In the United States during the 1950s and 1960s, the public demanded improvements in pollution control (pp. 287-291), partly due to the growing suburbs. Slowly, pollution threshold values were put into effect, but often lagged behind the level that Germany had already reached in the 1920s (p. 323). Since the 1950s, an alliance very atypical for the United States developed between businessmen and officials, the former being dominant. Simultaneously, the relationship between local officials and the public became more distant (p. 330). While businessmen and officials searched for technically and economically feasible solutions, the public discussion focused on the consequences of air pollution and was dominated by fears about the ecological crisis (p. 349). Uekötter answers the question of the causes of this change in mentality vaguely; he says several factors must be taken into consideration, but to date this question cannot be regarded as completely solved (pp. 372-373). But he vehemently rejects the explanation of the rise of the modern environmental movement with the rise of post-material values put forth by Ronald Inglehart. Researchers ignore, according to Uekötter, that the modern environmental movement did not discover air pollution as a problem. Instead, he states that a consciousness regarding air pollution has existed since the Progressive Era, and in the 1950s became more urgent (p. 289). Also, the social basis of the protest against air pollution has broadened since the 1940s, without founding associations (p. 291). Since the 1950s, local air pollution control has been in a crisis, which ended in 1969/70, with an ecological big bang, as Uekötter terms it. However, it was not the environmental movement that forced reforms of air pollution control, but two independent developments. First, regarding the amendment of the Air Quality Act: the National Air Pollution Control Administration used this procedure to organize the expression of the public's opinion (p. 391). That businessmen were not prepared for this development, Uekötter considers, is the biggest mistake in the history of American air pollution control (p. 389). Secondly, in 1970, in the context of the upcoming presidential election campaign, President Nixon put the Clean Air Act into effect. Nevertheless, Uekötter states, 1970 can not be declared as the beginning of modern American environmental politics, as is the predominating opinion. 1970 was instead the end of traditional local pollution control and the alliance of businessmen and officials (pp. 285-286). The reasons why this alliance ended so abruptly have much to do with this alliance having hindered reforms for a long time (p. 401). In contrast, in Germany, a radical break with tradition did not occur. Instead, administrative pollution control, which had developed since the late nineteenth century, was developed further and became more efficient (pp. 404, 451). Even the environmental policies of the SPD/FDP government starting in 1969, including the air pollution law of 1974, fit into the pattern of only small steps of reforms without changing the tradition fundamentally, a pattern which Uekötter calls "defensive modernization" (pp. 451, 486). In this, Uekötter also challenges the consensus among researchers, but in this case he is right.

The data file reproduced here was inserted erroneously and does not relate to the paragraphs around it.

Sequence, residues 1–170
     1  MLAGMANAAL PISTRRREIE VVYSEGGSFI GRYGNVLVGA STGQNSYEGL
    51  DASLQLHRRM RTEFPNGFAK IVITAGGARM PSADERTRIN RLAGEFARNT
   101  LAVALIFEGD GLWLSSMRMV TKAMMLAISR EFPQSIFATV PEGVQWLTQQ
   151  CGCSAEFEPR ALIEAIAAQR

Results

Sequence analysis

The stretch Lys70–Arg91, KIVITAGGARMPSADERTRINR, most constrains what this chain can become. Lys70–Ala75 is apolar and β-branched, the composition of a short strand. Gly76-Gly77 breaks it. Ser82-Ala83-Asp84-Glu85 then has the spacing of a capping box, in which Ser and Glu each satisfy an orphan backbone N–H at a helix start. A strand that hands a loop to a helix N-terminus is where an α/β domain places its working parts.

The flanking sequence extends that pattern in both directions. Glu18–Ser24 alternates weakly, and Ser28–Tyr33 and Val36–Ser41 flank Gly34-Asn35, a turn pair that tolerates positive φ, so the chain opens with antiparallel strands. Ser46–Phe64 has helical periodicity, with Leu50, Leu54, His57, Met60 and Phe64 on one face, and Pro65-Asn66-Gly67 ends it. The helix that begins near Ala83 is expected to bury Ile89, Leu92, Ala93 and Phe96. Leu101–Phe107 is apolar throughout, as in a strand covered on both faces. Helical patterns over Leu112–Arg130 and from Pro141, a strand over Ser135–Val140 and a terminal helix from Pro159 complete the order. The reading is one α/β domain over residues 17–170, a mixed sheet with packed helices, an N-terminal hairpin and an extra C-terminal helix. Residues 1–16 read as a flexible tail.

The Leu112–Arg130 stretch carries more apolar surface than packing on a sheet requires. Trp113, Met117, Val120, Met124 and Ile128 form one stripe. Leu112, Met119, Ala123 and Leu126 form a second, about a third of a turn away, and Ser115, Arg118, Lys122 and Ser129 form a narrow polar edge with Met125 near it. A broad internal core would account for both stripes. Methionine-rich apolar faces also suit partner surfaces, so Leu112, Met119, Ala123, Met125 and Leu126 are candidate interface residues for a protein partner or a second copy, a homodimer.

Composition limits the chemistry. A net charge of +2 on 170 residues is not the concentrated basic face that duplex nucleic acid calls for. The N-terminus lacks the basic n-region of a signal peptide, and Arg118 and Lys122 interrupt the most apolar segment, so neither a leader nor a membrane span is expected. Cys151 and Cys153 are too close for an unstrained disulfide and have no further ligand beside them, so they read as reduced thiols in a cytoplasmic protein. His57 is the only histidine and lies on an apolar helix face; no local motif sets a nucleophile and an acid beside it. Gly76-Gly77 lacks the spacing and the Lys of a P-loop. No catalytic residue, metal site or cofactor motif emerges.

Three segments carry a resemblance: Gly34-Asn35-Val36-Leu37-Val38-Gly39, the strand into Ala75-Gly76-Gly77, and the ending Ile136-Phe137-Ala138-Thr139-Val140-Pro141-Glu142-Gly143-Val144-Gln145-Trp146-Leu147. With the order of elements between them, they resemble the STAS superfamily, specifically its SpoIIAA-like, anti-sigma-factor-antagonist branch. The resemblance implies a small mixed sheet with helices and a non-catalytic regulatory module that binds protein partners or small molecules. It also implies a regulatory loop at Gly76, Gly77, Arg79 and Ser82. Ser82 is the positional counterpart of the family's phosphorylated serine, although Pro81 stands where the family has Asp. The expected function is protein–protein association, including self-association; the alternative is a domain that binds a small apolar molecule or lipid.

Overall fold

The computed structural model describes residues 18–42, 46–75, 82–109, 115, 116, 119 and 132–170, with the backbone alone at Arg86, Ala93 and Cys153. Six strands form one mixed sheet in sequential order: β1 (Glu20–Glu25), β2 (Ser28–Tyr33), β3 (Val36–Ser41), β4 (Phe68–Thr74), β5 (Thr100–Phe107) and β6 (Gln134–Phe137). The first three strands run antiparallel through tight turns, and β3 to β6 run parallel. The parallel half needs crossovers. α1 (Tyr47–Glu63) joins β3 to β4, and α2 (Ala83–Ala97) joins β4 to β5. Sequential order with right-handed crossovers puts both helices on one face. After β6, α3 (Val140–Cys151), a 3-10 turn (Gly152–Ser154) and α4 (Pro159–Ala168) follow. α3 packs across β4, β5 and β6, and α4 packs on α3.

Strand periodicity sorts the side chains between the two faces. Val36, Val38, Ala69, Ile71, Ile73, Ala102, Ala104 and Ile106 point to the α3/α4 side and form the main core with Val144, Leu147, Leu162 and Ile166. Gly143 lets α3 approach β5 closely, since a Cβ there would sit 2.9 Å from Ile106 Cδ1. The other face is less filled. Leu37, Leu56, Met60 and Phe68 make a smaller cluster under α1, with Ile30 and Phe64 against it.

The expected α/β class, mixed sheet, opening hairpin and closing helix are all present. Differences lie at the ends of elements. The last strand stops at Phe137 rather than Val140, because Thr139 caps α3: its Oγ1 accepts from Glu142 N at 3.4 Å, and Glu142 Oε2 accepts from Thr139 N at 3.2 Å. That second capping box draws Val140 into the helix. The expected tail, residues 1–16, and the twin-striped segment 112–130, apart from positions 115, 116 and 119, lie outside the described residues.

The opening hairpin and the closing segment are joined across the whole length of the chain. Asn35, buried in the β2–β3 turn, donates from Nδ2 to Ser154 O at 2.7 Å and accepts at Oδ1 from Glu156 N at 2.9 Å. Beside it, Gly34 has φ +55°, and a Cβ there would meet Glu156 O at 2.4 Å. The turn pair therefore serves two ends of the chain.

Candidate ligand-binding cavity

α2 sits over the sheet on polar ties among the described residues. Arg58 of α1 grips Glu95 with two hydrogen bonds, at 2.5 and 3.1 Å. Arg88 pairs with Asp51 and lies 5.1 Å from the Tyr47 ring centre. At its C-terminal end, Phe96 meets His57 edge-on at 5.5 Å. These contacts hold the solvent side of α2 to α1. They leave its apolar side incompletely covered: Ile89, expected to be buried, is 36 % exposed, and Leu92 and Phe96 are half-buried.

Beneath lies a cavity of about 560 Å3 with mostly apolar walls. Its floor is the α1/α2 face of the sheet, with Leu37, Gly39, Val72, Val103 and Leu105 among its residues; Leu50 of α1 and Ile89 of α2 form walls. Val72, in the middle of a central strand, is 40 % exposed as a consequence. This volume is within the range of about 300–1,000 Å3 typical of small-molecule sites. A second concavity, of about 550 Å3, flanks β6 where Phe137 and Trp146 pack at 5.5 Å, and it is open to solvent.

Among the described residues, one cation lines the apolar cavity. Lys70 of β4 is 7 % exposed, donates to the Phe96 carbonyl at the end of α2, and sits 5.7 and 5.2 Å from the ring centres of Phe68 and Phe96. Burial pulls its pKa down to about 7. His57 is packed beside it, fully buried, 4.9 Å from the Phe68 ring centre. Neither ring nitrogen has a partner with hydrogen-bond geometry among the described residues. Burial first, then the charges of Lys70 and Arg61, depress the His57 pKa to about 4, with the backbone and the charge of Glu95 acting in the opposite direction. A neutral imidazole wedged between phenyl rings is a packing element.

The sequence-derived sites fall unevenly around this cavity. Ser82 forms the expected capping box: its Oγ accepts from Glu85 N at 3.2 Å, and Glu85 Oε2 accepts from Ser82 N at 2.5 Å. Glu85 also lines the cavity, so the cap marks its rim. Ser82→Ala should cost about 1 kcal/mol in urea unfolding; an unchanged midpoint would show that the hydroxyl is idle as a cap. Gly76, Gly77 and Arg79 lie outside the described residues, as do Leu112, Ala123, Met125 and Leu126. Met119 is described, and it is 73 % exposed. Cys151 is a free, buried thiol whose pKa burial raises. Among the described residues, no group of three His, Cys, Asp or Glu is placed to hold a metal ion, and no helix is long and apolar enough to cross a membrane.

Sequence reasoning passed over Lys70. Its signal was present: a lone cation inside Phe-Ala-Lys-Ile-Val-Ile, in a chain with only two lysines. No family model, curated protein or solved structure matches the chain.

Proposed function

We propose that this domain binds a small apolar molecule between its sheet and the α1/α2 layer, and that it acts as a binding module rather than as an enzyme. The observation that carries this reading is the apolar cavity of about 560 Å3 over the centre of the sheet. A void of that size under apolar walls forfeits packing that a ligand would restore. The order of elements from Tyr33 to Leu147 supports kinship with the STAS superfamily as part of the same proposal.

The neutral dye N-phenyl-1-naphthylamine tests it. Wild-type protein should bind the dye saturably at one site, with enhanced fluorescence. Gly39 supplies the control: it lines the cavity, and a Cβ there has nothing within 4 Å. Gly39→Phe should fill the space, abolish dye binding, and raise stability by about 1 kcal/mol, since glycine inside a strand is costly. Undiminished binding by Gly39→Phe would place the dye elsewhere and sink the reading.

Since the 1950s, the German public had also demanded improved air pollution control (p. 412). Businessmen criticized exaggerated public protests but did not fundamentally oppose controls, although they did not consider such controls part of their public relations, as their American colleagues did (p. 428). Businessmen had to deal with self-confident, independent civil servants. Although in the United States, smoke abatement still dominated regulation policy, in Germany, the administration began to consider air pollution problems as a whole. Some engaged officials forced the amendment of industrial regulations as well as the enactment of technical requirements for air pollution control, the "TA LUFT," in 1964. In contrast to the United States, a distance between officials and the public did not develop in Germany (p. 487). In sum, Uekötter considers the German style of air pollution control during this period to have been more flexible and efficient than that of the United States (p. 451).
In his final chapter, Uekötter sums up by saying that there have indeed been national methods in pollution regulation. But, on the other hand, he emphasizes that a national style of air pollution regulation always means having a variety of regulatory possibilities and does not mean reducing the scope of regulation (p. 495). A general statement about which style of regulation was more effective, Uekötter says, cannot be made.
There is almost no dominant opinion in the research of both countries that Uekötter did not question. Sometimes his statements are too general to be absolutely convincing. However, his criticisms undoubtedly point in the right direction, and therefore are revealing. His epilogue about the benefits and significance of environmental history makes one think. This book is based on an immense amount of source and literature research and is well written. In sum, Uekötter's book fills a big void in environmental history.
. Monika Bergmeier, "The History of Waste Energy Recovery in Germany since 1920,"Energy 28 (2003): pp. 1359-1374.
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Monika Bergmeier. Review of UekÖÂ¶tter, Frank, Von der Rauchplage zur ÖÂ¶kologischen Revolution: Eine Geschichte der Luftverschmutzung in Deutschland und den USA 1880-1970.